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Sanef stands in solidarity with the M&G and other media houses facing financial challenges

The South African National Editors’ Forum (SANEF) stands in solidarity with our colleagues from the Mail & Guardian – and all media entities facing difficult financial times. Khadija Patel, editor-in-chief, has stated that their present income will not adequately cover the cost of producing the M&G, including the payment of salaries next month.

SANEF is aware that media operations across the country are struggling to cope with our difficult financial environment, exacerbated by the coronavirus pandemic. For some years our industry has faced financial constraints – due to, among other issues, media’s traditional reliance on advertising and the fact that advertisers have fled the industry to online tech giants, Google and Facebook. The economic effect of the Coronavirus on an already stagnant economy will make matters even more difficult.

However, SANEF believes that the importance of journalism in South Africa – and across the world – has never been stronger. Government’s decision to include journalists as part of essential services to critically report on the spread and containment of the disease stands testimony to this. Journalists have played a critical role in keeping the nation abreast on all developments around Covid 19. Various public, private and community media operations have run impactful campaigns to help efforts to fight the pandemic.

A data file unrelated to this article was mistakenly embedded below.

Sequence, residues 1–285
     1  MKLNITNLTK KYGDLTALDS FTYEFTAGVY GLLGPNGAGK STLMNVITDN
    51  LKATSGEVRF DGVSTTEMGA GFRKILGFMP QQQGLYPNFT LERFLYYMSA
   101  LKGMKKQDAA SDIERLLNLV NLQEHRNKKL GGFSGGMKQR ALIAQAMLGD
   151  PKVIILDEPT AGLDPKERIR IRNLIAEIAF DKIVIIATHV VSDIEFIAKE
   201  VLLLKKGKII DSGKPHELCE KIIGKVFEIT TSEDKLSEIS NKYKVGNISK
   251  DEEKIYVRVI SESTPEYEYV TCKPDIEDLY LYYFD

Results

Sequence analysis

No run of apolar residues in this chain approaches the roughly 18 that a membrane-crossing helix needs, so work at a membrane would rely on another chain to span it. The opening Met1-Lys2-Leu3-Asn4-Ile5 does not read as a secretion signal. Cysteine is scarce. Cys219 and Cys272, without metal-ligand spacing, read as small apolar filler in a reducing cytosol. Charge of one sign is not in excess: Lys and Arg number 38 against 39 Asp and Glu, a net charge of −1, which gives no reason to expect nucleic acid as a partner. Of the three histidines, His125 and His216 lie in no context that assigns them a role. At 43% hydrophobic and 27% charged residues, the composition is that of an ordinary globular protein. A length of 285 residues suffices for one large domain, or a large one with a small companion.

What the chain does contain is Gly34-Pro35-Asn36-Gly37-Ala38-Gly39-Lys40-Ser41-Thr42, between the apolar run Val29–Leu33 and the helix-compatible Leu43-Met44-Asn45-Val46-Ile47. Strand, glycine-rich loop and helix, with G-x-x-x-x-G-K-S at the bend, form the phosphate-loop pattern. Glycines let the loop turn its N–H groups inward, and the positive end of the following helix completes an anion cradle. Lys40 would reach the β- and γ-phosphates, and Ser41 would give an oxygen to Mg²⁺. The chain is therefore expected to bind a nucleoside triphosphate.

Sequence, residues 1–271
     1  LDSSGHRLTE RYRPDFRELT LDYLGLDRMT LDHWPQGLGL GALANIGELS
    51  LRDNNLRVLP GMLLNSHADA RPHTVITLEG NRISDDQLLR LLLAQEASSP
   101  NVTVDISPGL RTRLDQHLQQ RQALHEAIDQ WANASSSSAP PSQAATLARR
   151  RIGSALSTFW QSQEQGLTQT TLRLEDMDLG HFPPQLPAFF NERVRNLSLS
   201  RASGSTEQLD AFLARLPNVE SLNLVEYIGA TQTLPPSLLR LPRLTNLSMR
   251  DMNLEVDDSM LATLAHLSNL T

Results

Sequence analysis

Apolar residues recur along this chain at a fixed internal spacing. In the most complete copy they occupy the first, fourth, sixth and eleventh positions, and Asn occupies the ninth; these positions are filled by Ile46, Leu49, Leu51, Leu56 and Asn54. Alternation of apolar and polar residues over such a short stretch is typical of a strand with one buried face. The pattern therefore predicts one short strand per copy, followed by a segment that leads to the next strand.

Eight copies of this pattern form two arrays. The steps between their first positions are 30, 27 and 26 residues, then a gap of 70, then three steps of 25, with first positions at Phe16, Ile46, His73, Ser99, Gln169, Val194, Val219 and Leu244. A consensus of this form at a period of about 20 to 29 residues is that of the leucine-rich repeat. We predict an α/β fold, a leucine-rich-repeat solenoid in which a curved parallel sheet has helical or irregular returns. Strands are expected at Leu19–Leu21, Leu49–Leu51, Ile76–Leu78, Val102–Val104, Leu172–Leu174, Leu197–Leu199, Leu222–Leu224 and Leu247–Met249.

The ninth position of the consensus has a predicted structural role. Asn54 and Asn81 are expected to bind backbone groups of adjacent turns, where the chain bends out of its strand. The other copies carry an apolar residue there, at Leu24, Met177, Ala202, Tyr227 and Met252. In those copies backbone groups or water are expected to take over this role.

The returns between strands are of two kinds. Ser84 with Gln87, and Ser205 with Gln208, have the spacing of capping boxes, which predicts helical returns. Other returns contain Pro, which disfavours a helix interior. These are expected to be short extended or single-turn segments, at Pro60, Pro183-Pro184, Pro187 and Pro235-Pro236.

We call on members of the public, corporates, donors and government to support the media industry and journalism during this critical time – through the payment of subscriptions, membership fees, donations and sponsorships. We call on corporates and government to continue to advertise.

SANEF urges media companies, generally, to seek creative ways to cut costs before resorting to newsroom cuts. SANEF notes the significant attrition to posts over the years which has eroded quality journalism.

We have raised financial sustainability challenges as one of the key issues in our media industry. This has been an important focus in our submissions to the Kathy Satchwell Inquiry looking at Media Ethics and Credibility.

We note a shift from relying on advertising to readers paying for the news, either through membership – a promising new news model – or subscriptions. Along with this, donor funding has played a key role, and advertising is still a source of revenue. The new business models have seen organisations use several streams of income to achieve financial sustainability.

We eagerly await the recommendations of the Inquiry and its contribution to possible ways forward with the ultimate purpose of ensuring quality, democracy-deepening journalism for all our citizens.

Note to Editors: The South African National Editors’ Forum (SANEF) is a non-profit organisation whose members are editors, senior journalists and journalism trainers from all areas of the South African media. We are committed to championing South Africa’s hard-won freedom of expression and promoting quality, ethics and diversity in the South African media. We promote excellence in journalism through fighting for media freedom, writing policy submissions, research and education and training programmes. SANEF is not a union.

For more information please contact:

Mahlatse Mahlase – SANEF Chairperson, (083) 399-2852

Mary Papayya – Acting SANEF Media Freedom Chair (082) 379-4957

Judy Sandison – SANEF KZN Convenor (082) 571-3334

Sbu Ngalwa – SANEF Eastern Cape Convenor (073) 404-1415

Janet Heard – SANEF Western Cape SANEF Convenor, (078) 041-9528

Hopewell Radebe – SANEF Acting Gauteng Regional Convenor (083) 582-1734

Kate Skinner – SANEF Executive Director – (082) 926-6404

Twitter: @SAEditorsForum

Email: [email protected] Website: www.sanef.org.za

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